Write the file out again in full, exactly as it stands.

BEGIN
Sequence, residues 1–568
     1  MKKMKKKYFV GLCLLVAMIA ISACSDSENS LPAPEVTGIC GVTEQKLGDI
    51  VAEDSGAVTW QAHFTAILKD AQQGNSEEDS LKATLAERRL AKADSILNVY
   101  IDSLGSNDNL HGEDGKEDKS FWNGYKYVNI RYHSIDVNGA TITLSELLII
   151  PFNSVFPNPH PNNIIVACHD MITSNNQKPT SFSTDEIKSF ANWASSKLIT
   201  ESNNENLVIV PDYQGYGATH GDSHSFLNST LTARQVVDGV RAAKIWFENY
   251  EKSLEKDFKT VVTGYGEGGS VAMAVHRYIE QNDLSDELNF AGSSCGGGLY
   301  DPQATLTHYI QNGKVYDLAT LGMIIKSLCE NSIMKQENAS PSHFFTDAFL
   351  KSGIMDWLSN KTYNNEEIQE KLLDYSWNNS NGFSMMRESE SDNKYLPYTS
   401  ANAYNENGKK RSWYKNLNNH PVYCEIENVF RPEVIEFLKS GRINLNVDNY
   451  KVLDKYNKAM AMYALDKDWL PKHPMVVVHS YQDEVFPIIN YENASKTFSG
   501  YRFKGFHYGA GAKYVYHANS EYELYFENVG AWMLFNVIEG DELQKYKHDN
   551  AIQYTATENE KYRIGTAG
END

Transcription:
Sequence, residues 1–568
     1  MKKMKKKYFV GLCLLVAMIA ISACSDSENS LPAPEVTGIC GVTEQKLGDI
    51  VAEDSGAVTW QAHFTAILKD AQQGNSEEDS LKATLAERRL AKADSILNVY
   101  IDSLGSNDNL HGEDGKEDKS FWNGYKYVNI RYHSIDVNGA TITLSELLII
   151  PFNSVFPNPH PNNIIVACHD MITSNNQKPT SFSTDEIKSF ANWASSKLIT
   201  ESNNENLVIV PDYQGYGATH GDSHSFLNST LTARQVVDGV RAAKIWFENY
   251  EKSLEKDFKT VVTGYGEGGS VAMAVHRYIE QNDLSDELNF AGSSCGGGLY
   301  DPQATLTHYI QNGKVYDLAT LGMIIKSLCE NSIMKQENAS PSHFFTDAFL
   351  KSGIMDWLSN KTYNNEEIQE KLLDYSWNNS NGFSMMRESE SDNKYLPYTS
   401  ANAYNENGKK RSWYKNLNNH PVYCEIENVF RPEVIEFLKS GRINLNVDNY
   451  KVLDKYNKAM AMYALDKDWL PKHPMVVVHS YQDEVFPIIN YENASKTFSG
   501  YRFKGFHYGA GAKYVYHANS EYELYFENVG AWMLFNVIEG DELQKYKHDN
   551  AIQYTATENE KYRIGTAG